If the title of this post seems a bit um…for lack of a better word, schizophrenic, understand that internet has been a bit shaky for us for awhile, so we must catch up in one fell swoop. After visiting the magnificent Ko Phi Phi (which you, as our loyal reader, BETTER have read about in our last post..ha ha…), we headed north. Not too far north, just to Phuket. Phuket was another city, not unlike all of the other ones we have seen since entering Thailand. Then we made a possibly life altering decision: Jen would have to visit an Ear, Nose, and Throat doctor while here. You see, her ears have been bothering her a lot lately and she is worried that she has ruptured one or both. She has had trouble with them since childhood and it’s time to give them their timely tune-up. So off we go to the local hospital. It is called Bangkok International Hospital on our map, so we hope that the “international-ness” of it will also allow some sort of a “real” doctor. Not the type that the American news has encouraged us to believe we will find in this 3rd-world land. We arrive at the hospital after what turned into quite a long walk. The nerves start to jump inside of us in the opposite direction from the hospital, trying futively to pull us away from our impending doom at the hands of the dreaded Thai doctors…We press onward, though part of us wants to allow our nerves to win this battle. We enter into the dreaded underworld that is the Thai…Wait a minute! Stop right there! This hospital has a reception area with nice, leather sofas. It has FREE hot chocolate, coffee, lattes, and water. The nice ladies who greet us speak perfect English and look like they stepped directly from the pages of a magazine selling only the neatest, nicest business attire available in the United States. Where are we? Have we taken a wrong turn and landed in some sort of convention for royalty (as only Thai royalty can have these nice things, we hear)? Nope! We are in the Bangkok International Hospital (BIH) it seems. The next minutes whizzed by as we hurriedly got ourselves a cup of hot chocolate, filled out a short form, received Jen’s new hospital identification card (with her picture on it, thanks to the cameras set up at every registration desk), and were immediately escorted away to the Ear, Nose, and Throat Clinic. Minutes, I said. Not hours. No waiting in a jam-packed waiting area with every sort of coughing, bleeding, gagging human imaginable. Once in the clinic, Jen and I sat for seconds before a nurse took Jen to get her vitals. What!? They take VITALS in Thai hospitals? Would Jen get the dreaded “other end” thermometer, I wondered? Surely they have not acquired an oral thermometer way out here in Thailand. Upon her return, I notice a twinkle has replaced the doubt and fear in her eyes and ask what happened. It turns out that not only does BIH not have an “other end” thermometer, but they have an infrared thermometer that they shoot between your eyes to check temperature! Never seen one of those? Head over to Phuket. They’ve got them! Soon we are both led into a spic-and-span exam room where we find a young Doctor awaiting our arrival (notice I didn’t say that we waited 45 minutes for the doctor to arrive). Ah, this is the catch, I thought! The doctors are fresh out of high school! Well, it turns out that she is not fresh out of high school. Nor is she untrained. She is pleasant, speaks perfect English, explains the parts and functions of the ear to us to perfection, and is able to explain ear issues specific to scuba diving with us beacause she is a diver as well. Then comes the exam. First, Jen’s ears are systematically cleaned. Then the Doctor looks at Jen’s ears and reports no holes or infection in the ear drums. Perhaps sensing our nervousness, she pulls out a small camera attached to a computer screen and shows us the inside of Jen’s ears while explaining everything we are seeing. Amazing! Jen has never had the option of this equipment in all of her 26 years of ENT appointments until now. The Doctor (Physician may be more appropriate since it sounds more regal) then explains that there may be some inflammation in Jen’s ear canal and spreads a topical antibiotic inside her ear. We never even knew there was an antibiotic that could be placed there! Jen has only gotten oral antibiotics or drops in her previous appointments in the US. We are then told that Jen can definitely scuba dive again (which is music to our ears, no pun intended) and that she only needs to rinse her ears with fresh water after diving because the pressure over the extended time causes the ear canal to thin and the Swimmer’s Eardrops that we had been instructed to use could cause damage. We’ve never gotten that little bit of information before! After saying goodbye, we are ushered to the payment counter where we dread the bill since out travel insurance only covers emergency visits. It turns out that the appointment costs $1127. Before you have a coronary, remember that we are in Thailand. That means that the $1127 is in Thai baht. That means our total is really only around $35 USD. On our way out, we discussed how this was the most amazing and cheapest doctor appointment we had ever had…And we grabbed another cup of hot chocolate!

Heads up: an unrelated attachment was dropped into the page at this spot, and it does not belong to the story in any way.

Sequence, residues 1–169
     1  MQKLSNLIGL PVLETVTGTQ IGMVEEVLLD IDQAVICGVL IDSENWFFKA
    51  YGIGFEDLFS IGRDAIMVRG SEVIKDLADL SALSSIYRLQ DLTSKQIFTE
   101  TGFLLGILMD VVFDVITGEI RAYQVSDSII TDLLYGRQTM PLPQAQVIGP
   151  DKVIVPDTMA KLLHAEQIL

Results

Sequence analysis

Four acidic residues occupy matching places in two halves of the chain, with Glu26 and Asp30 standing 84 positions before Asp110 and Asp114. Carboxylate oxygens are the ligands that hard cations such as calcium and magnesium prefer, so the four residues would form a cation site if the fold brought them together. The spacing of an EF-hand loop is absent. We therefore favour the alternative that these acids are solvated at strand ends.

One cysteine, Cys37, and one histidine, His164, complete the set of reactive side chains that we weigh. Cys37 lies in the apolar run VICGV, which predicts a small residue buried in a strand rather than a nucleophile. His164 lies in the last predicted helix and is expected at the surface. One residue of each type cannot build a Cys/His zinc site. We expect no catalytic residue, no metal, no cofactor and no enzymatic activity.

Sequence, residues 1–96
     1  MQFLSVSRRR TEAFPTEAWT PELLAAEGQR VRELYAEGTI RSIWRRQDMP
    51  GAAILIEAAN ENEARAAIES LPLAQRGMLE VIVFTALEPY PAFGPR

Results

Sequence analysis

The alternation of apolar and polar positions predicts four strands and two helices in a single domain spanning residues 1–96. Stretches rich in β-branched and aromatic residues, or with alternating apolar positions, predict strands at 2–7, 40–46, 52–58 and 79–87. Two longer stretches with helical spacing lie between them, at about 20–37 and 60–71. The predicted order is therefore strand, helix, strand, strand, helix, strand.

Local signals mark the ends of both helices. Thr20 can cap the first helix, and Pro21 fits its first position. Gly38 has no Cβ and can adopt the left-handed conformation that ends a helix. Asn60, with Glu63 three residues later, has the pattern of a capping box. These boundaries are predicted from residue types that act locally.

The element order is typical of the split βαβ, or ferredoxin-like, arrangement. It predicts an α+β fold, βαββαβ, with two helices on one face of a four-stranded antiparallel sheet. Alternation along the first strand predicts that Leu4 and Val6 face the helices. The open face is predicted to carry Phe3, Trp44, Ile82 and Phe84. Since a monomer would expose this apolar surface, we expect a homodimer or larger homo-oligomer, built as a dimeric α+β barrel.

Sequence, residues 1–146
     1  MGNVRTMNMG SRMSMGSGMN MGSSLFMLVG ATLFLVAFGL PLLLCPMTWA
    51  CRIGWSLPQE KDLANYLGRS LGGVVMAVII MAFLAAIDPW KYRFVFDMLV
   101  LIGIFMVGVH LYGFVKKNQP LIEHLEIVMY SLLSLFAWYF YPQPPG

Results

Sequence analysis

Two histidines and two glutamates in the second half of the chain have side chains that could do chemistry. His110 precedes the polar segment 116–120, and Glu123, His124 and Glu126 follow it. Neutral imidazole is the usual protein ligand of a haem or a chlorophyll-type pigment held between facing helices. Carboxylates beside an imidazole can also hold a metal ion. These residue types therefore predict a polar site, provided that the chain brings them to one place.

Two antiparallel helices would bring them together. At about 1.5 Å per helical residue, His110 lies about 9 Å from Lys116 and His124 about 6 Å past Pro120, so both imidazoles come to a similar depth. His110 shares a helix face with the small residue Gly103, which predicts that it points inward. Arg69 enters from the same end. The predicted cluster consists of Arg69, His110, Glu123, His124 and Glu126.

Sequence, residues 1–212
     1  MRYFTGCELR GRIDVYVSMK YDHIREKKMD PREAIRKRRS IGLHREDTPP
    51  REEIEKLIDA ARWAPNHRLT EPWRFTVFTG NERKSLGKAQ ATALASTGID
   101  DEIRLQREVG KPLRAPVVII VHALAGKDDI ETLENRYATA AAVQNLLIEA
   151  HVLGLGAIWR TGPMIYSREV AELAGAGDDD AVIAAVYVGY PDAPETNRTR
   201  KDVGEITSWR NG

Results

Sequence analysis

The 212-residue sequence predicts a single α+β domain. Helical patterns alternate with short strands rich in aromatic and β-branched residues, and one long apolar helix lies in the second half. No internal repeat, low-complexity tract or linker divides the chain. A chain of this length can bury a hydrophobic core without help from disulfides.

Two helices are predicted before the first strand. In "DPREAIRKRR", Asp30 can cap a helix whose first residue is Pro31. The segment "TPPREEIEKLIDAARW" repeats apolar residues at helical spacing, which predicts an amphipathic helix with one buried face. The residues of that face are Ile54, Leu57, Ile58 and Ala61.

Now on to the “Dishonesty” part of the title. The people of Thailand are of another sort. Well, let me say the people that the average backpacker runs into, anyway. They are amazingly dishonest. We arrive at any bus station, ferry dock, or train station and are immediately bombarded by people wanting to take us here or there or sell us tickets to anywhere. They tell us that tickets cost a certain amount and that the only way to travel from point A to point B is by First Class. We shuffle past, ignoring them as if they are not human because if we do not, we are followed and harrased further. Eventually we find our way to the 2nd class counter where we are charged a “premium” in addition to the standard cost. We cannot talk them into alleviating this “white” tax, but at least the tickets are still cheaper than 1st class. Then we get on our bus, train, etc. and find that the 1st class and 2nd class bus is the exact same bus! We were on an overnight bus recently and noticed that the 1st class passengers had blankets and we lowly 2nd classers had none. The bus started moving and before 30 minutes had passed, a man brought blankets to every passenger aboard. We are still unsure of the difference between 1st and 2nd class in Thailand.